Clay’s father was killed during WWII shortly after he was born. As a boy, Clay became infatuated with everything military: toys, movies. He even bought camouflage army clothes and some questionable MREs from the army surplus store downtown. From playing army with his friends to joining the junior ROTC program in high school. When he graduated, and with the Vietnam War in its infancy, he saw his chance for glory and enlisted into the army, eager to serve and make his father proud. He kept telling a sobbing Penny it was something he had to do. He just could never explain to her what that something was.
Now, cradling each other under a blanket, Penny felt at home in Clay’s arms. Her head buried in his chest, “tell me again why you have to go?”
“You know why, sweety. It’s my duty,” said Clay in a reassuring tone.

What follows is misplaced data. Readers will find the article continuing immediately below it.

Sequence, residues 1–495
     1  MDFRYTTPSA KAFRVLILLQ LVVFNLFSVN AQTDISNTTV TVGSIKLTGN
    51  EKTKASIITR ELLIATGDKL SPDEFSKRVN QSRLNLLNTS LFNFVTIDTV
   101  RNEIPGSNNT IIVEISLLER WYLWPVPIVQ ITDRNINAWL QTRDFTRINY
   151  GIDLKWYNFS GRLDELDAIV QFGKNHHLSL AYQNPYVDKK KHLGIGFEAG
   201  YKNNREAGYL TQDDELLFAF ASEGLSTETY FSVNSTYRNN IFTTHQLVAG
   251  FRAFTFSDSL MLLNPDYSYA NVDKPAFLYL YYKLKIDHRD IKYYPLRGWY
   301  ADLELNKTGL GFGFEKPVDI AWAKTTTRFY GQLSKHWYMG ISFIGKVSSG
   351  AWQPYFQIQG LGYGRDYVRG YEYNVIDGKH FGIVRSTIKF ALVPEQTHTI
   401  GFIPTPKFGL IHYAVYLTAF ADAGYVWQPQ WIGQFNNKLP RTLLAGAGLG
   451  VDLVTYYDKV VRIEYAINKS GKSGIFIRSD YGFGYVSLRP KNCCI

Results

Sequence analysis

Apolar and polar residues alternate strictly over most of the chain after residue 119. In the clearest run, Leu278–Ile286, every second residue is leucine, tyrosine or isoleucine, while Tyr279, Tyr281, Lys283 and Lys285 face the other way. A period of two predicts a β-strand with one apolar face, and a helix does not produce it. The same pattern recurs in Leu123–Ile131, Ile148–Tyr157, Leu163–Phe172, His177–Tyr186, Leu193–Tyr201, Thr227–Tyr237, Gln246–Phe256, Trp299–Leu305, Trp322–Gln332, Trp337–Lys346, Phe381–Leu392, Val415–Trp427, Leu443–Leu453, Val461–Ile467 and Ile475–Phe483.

With her emotions one tear away from exploding, Penny became silent. Her throat was tied in knots. She could only manage to hug Clay a little tighter. Clay was shipping out in the morning.
Vietnam and its violence were a lifetime away. And for all of Penny’s academics, or her naivety, she kept asking why? Why did her nineteen-year-old Clay have to go fight?
Clay swallowed the frog stuck in his windpipe, forced a grin to his lips, and said in a steady voice, “but don’t worry, I’ll be back before you know it. You’ll see. I’ll be covered in medals and holding a letter from President Johnson personally thanking me for helping him win the war. Just think of it, Penny. When I get back, and of course, after they give me a well-deserved victory parade, we’ll get married and start having kids right away. Just like we planned!”
“I love you so much, Clay,” said Penny, squeezing him tighter, her voice barely a whisper.
“I’ve always loved you, Penny.”